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Which is the better training method?
OffLine gabor
  2006-06-03 06:01:33    
Hey,

I was just wondering, which method do you guys think is better for training:

1.) Climbing almost every day but not pushing myself completely to my limit any of the days.
2.) Climbing only 3 or 4 times a week but completely pushing myself at each practice.

I would like opinions especially from competitive climbers, or ones that have done a lot of training.

Thanks!
OffLine Ben
  2006-07-08 17:32:34    
I use the 3-4 times a week because it gives your body ample time to recover. Even if you arent pushing yourself as faf as you can go, climbing everyday puts unneccesary strain on your body with little recovery time.
OffLine Ben
  2006-07-08 17:33:47    
PS Especially at the level youre climbing
OnLine Milky "Bonerack" Williams
  2006-08-24 03:16:43    
hey Gabor, this is mike from the new. I climb nearly everyday but never max out because I'm always "saving something" for the next day. Trying to onsight, or redpoint projects. But I haven't really progressed substantially in the past three years or so. I've read that Josune will do nothing but a strictly regimented training schedule for something crazy like six months. then rest accordingly and send really hard shit. I think that to really get stronger you should do a heavy load training day of power stuff (campusing, system training, etc) then rest, repeat, repeat. If you want to know how to go from 13a to 14a in one year......ask your sister!
OnLine Jens Larssen
  2006-12-26 14:40:07    
I suggest a mixture. You can go intense for one month, pushing yourself maximum 3-4 times a week. The next month you can climb every day with a lower load.
OffLine Infinity
  2008-05-19 10:37:31    
This may sound odd, but I have found myself going up almost a grade every few weeks simply by taking a few days,  mmaybe two or three, where I climb the hardest things I can, and then on the other days, climbing easier, but usually not more than a grade or two below what I can do, unless they are extremely muscle using problems. If you climb all but one day a week, this should work, but then again, if your not used to the strain, it can be kind of devastating, and you will find yourself unable to even do a pull up on some days, until your body gets used to the pace.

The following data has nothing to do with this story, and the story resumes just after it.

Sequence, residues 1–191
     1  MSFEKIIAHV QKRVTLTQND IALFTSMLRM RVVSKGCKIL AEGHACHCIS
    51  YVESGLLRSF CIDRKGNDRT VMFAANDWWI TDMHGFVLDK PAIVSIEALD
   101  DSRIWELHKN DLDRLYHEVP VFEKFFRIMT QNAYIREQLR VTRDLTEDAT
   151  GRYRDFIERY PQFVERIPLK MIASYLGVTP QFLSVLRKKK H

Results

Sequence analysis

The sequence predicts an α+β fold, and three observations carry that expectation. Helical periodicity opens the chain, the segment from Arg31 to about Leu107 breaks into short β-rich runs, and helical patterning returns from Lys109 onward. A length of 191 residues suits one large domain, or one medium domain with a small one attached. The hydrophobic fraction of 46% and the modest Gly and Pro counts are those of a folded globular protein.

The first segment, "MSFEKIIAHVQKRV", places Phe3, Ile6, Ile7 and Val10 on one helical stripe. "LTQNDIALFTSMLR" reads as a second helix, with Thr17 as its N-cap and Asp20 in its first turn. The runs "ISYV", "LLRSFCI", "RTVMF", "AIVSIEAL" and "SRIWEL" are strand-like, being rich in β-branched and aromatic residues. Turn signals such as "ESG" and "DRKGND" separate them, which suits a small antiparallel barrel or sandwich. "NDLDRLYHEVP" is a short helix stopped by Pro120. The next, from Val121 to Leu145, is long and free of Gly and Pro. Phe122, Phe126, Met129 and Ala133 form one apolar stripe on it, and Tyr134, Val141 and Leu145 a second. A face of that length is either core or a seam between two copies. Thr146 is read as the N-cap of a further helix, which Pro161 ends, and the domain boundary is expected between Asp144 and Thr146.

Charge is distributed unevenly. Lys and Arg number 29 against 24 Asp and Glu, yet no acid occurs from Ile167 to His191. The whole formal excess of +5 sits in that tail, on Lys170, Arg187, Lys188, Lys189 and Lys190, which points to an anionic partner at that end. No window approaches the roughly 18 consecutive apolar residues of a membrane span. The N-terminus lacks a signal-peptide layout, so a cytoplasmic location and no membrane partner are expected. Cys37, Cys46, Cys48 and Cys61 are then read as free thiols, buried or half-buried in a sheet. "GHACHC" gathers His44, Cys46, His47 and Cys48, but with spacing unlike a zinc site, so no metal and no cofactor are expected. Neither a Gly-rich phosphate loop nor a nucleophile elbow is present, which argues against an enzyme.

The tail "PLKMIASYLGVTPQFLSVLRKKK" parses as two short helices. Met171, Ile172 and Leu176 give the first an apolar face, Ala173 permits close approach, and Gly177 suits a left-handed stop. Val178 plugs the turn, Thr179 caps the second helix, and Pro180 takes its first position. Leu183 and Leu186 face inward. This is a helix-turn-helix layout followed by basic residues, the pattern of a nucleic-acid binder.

OffLine Michael Womack
  2009-06-04 03:59:07    
What i do is keep in shape by climbing six days a week. i do strength training once a week. and also i push myself climbing routes out of my range once, maybe twice a week.
If you can't complete anything you're attempting, give it a break.
If you're flashing/onsighting everyone you see, then push yourself!!
Make goals!!!
OffLine Michael Womack
  2009-06-04 04:06:22    
ive been doing this. and i've gone from being really out of shape (having to hangdog a .6) to onsighting 10d's, and redpointing 11c's in five months.
OffLine Tye Watkins
  2009-06-19 17:02:08    
Climbing without pushing yourself to your limit ever, is almost a complete waste of time. Your body, (mainly your brain, your CNS) will not learn to recruit muscle fiber more efficiently, and you will not really be gaining the climbing specific "power" that we look for.

Gabor, you seem to be serious about learning to train yourself. I suggest you pick up a few books on the subject. Most climbers either have no idea what to do, very basic ideas, or wrong ideas.

I suggest: Periodization: Theory and Methodology of training by Tudor Bompa
OffLine CuriousCLimber
  2009-08-31 00:37:14    
I say it depends on what level of difficulty climber are you.

If you are just starting off or getting back in shape, climbing everday is the right choice. This helps to get your body muscles adapted to the muscle strains and intensities of climbing workouts.

As you progress further, you nid to start developing a training schedule that lets you climb 50% of the time, then condition the other 50% of the time. This is where you push yourself slightly harder in order to come out of that comfort zone and gain the power and strengths needed to do impending hard project routes.

Once you reach the professional level, 7Bs and above, is where you be conditioning 70% of the time as you would have master the techniques skills needed for climbing. And by then, all you nid is pure brute force to conquer those routes that die trying.

However, this is the theoratical approach.

The practical approach as shown by most professional climbers is to just climb everyday and rest when seriously needed. That is when you would have suffered a rly bad injury. Dave Graham and Paul Robinson are some examples. Though, I do believe that they do specific conditionings when they are tryin to overcome a route problem that expose their weaknesses.

But Patxi and Andrada trains at very high level (if i'm not mistaken) by doing sets rather than focusing on climbing only.

In conclusion, the best training method are the one that suits your style, situation, etc. That is why you nid to experiment yourself to see which method works the best for you. Researching on training methods tends to broaden your knowledge rather than giving you an answer of what is the best method.
OffLine Pete George
  2012-06-30 11:20:37    
For training? I think it's nearly indisputable, climbing harder with rest days is better, than taking it easy and climbing everyday.


That said when I take a trip to a new area I usually climb easier(OS/flash attempts) routes and climb everyday. It's more fun, but I wouldn't consider that kind of climbing trip part of my training